Blind Line is one of my all time favorite games, but unfortunately this one requires a little prep work. The premise is simple, so let’s jump right in.
This is a scene game for four people, and the caveat to this game is that everybody has a few strips of paper they keep in their pocket. On these strips is written famous lines from movies, books, you name it. At any point during the scene, an actor can pause, pull out one of these strips, read it, and then explain why they said it. It’s funny when two characters are established as being father and son, and one of them yells “You shall not pass!” and then has to find a way to make that line make sense in the context of the scene. For example, if the person that said it was a teacher, it takes the funny context of being said in regards to a test or a class.
That’s the whole game, but there’s a lot of things improvisers need to keep in mind in order to make this game shine. First, the improvisers will usually only have three, four strips max. These are often suggestions given by the audience (pre-read by the ref or a trusted volunteer to make sure they’re appropriate, of course,) and they want to see you take these suggestions and go with them! You don’t have to use every line (and in fact, you should use your strips conservatively) but you can’t just pretend that you didn’t say something that made no sense, or throw it away by saying “Oh ignore that last part, I was talking to the voice in my head” or something like that. Never take a cop-out solution in improv unless its absolutely necessary.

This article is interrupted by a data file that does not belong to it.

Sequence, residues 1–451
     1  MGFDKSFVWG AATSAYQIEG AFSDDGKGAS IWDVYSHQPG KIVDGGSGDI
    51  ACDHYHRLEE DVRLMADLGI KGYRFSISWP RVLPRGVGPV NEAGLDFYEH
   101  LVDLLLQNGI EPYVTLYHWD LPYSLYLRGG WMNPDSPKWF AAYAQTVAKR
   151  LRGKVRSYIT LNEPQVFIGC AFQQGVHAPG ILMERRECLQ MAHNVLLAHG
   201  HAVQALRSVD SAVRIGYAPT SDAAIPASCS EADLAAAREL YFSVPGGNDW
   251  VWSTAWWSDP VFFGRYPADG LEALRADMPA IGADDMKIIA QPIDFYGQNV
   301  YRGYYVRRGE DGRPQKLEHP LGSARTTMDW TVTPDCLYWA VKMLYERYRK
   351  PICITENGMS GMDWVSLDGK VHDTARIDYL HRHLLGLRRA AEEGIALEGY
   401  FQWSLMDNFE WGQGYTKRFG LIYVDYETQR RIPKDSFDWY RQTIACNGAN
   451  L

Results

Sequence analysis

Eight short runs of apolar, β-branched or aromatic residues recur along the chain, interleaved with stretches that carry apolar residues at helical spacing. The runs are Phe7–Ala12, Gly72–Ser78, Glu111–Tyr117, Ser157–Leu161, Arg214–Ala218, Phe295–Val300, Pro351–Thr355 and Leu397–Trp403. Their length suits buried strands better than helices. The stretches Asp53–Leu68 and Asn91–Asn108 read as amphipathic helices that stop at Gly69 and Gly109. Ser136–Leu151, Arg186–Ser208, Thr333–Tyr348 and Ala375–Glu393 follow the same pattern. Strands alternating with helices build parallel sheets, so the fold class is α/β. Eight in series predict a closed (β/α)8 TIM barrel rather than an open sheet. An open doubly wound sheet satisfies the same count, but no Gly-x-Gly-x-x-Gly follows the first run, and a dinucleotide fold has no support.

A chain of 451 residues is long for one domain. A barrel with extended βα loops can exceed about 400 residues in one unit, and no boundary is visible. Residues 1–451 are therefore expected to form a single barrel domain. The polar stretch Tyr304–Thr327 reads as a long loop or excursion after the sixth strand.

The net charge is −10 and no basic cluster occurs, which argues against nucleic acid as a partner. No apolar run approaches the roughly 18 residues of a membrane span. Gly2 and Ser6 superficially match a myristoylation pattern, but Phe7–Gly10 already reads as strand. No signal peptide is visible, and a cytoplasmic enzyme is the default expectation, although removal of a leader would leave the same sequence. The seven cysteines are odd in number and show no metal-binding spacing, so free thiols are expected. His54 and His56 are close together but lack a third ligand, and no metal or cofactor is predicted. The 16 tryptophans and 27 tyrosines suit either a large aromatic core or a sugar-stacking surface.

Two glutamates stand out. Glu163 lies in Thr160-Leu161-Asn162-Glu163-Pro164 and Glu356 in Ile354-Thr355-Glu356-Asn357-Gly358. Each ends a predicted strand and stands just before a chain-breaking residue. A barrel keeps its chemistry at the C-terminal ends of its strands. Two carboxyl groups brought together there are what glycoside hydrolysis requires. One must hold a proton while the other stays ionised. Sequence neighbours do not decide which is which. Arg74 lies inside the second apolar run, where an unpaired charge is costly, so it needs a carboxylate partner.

On top of that, you can set yourself an easy justification by saying “It’s just as my grandpa always says: ‘reads strip’.” That’s also a cop-out, because you just told the people in the scene that you’re going to say something weird. It’s way funnier if the line makes no sense (or, as the circumstance occasionally happens, makes perfect sense and is amazingly funny). On that same note, don’t walk on stage and immediately say your line. Since you have no character, that is again easy justification. Trust me, it’s more fun if you don’t give yourself easy outs, and you don’t learn anything if you do it that way.
In my experience, about half the time you play this game will lead to some amazing coincidences. In one game we were playing, a character converted to Christianity after being Jewish (I can’t remember the specifics), and then they pulled out a strip and said “Jesus take the wheel!” Obviously, it wasn’t planned at all, but its perfect moments like that that you remember years later. So, trust yourself to be funny. This game, unfortunately, can only be played when you have an audience to give suggestions (though as a ref you can look up “famous movie quotes” and pitch them to your improvisers when they call “Line!”, but this is a sub-par solution). Because the lines are hard to get, Blind Line must be played sparingly, but its always a blast so don’t hesitate to play when you have the opportunity.